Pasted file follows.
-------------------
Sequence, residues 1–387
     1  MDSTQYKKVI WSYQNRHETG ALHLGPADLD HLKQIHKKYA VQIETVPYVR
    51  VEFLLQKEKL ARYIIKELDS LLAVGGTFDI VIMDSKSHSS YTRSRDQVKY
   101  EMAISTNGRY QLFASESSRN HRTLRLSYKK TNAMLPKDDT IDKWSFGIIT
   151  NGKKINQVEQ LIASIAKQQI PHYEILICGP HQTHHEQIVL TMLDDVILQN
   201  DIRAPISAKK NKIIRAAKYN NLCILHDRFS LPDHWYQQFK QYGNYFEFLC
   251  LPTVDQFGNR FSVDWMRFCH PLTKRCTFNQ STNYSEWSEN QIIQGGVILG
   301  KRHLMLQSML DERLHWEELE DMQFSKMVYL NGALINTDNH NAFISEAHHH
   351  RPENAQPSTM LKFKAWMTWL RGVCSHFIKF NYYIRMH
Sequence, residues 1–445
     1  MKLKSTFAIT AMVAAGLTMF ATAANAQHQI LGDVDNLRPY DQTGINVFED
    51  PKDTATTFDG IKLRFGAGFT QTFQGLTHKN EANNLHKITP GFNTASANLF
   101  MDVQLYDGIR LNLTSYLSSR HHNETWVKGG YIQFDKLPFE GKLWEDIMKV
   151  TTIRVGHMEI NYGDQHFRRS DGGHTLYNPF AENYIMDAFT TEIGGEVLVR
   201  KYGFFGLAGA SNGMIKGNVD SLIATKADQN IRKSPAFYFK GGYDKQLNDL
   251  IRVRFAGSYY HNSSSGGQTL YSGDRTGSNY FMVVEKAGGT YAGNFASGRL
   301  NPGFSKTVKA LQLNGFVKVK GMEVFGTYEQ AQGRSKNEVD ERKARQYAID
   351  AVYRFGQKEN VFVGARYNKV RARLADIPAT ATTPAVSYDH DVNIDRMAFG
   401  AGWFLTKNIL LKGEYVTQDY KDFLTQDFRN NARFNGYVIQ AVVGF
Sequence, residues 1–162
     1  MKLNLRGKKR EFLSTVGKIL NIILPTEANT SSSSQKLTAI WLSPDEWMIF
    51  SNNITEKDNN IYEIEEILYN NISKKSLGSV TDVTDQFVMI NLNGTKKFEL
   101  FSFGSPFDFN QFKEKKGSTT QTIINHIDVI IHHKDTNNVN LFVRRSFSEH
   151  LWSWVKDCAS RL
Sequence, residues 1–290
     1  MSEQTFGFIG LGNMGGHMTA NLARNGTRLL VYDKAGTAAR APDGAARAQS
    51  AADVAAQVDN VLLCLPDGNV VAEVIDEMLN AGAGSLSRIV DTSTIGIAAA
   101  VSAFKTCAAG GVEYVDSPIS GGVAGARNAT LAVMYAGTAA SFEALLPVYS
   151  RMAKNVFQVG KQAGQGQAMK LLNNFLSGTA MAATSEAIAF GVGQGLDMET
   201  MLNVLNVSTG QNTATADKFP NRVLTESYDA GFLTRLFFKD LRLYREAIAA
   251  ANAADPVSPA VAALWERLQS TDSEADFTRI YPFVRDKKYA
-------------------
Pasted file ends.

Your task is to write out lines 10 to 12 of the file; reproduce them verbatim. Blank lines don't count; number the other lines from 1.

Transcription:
Sequence, residues 1–445
     1  MKLKSTFAIT AMVAAGLTMF ATAANAQHQI LGDVDNLRPY DQTGINVFED
    51  PKDTATTFDG IKLRFGAGFT QTFQGLTHKN EANNLHKITP GFNTASANLF